This indicates that the VA knew insecticides disrupt immune systems long before they published the fact. Did the IOM committee include a VA expert?

  8. Anon
    Mar 19 - 9:45 pm

    This is ludicrous.

    Incline Village was 1984. This is 2014.

    They have had 30 years to arrive at anything but a hasty decision.

    Thirty years!! And they’re still discussing what name to give it?

    • John Bochenek
      Mar 20 - 5:21 am

      Just because medical leadership in the US collectively shoved the problem under the rug for 30 years is not an indication that they have gathered the wisdom over time to understand what they are dealing with. And because they chose to shove it under the rug for so long, we are skeptical. But there are some signs this process is trying to arrive at the right answer. Until it does, there will be skepticism. If it doesn’t, we have to continue to support each other as a community and show their gamesmanship to be irrelevant.

  9. Eilidh Hewitt
    Mar 20 - 2:31 am

    The whole IOM debacle has the imprint of psychiatrist Simon Wessely all over it, ‘get a bunch of non-experts together and ask them to define a complex disease’. He has been the bain of ME sufferers lives in the UK for decades, anything he is involved in ends up disastrous for the patient community. He has a long history of constantly moving the goal posts and name changing attempts of both Gulf war Syndrome and ME. He has a phenomenal network of influence, don’t underestimate this man, when he is around things go badly.

    He was behind the name change of ME to CFS in the UK, the promise was “it’s purely for research purposes” years on and the ME title has been usurped, promises broken, and people are only diagnosed with CFS, the ME title demoted to a patients lay term. A break with the WHO neurological definition seems to be the purpose of the exercise. I expect CMI is not dead at all!

    People pressure is very important and has brought about ME experts on the IOM panel. Perhaps the tide is turning the ME experts have a renewed sense of purpose and total commitment maybe we will end up with an unexpectedly good result, but I won’t hold my breath.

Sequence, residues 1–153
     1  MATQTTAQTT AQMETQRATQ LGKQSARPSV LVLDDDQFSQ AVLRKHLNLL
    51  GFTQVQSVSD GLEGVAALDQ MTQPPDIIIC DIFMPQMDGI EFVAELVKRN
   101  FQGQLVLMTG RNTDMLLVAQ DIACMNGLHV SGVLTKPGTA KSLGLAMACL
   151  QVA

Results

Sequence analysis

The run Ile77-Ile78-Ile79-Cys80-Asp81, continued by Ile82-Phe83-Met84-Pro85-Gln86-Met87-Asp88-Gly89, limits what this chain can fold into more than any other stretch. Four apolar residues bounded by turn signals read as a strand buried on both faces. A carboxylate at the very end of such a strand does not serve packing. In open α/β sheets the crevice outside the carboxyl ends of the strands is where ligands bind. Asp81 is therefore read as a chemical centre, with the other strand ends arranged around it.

• Justin Reilly
      Mar 20 - 11:18 pm

      I completely agree!

      And I don’t think this report was benign. It was just not a disaster; and that was probably mostly because of patients making an outcry.

      The press release, and I am sure the report, judging from James Binns comments, was rife with the usual BS such as GWI being “medically unexplained.”

      Suzanne Vernon, Fred Friedberg and their co-authors thank Simon Wessely for being a reviewer (reviewers are only revealed at the publication time of the report).

      Vernon and Friedberg should have written dissents (which IoM publish in the reports) about all the BS.

  10. Dave Hatfield
    Mar 23 - 2:30 am

    Just a little background and disagreement on a couple of points in your otherwise good note, Cort.

    The GWI community does not have any major websites that I know of other than the 91 Outcomes site maintained by Anthony Hardie, a past member of the Research Advisory Committee on Gulf War Veterans Illnesses (RAC-GWVI) and the NGWRC site (National Gulf War Resources Center) The GWI community does, however, have an extremely robust set of sites on Facebook, although most of the ones where activity on advocacy takes place are closed or private pages. We do plan lobbying activities, RAC rallies, press events, legislative proposals, internal organization, research study participation, and more on these pages.

    The IOM committee that conducted the just-released report on a case definition for GWI (CMI) had no one with any experience treating or researching GWI. The VA severely restricted the charge to the IOM committee in terms of what research it was allowed to consider in its deliberations. There is much research that has been published and much more in progress that provides much of the information the IOM committee stated was missing. James Binn’s anger at the IOM report would have been (and he knows this) more properly aimed at the VA for their charge to the IOM, rather than at the committee for not reviewing research they weren’t charged with reviewing.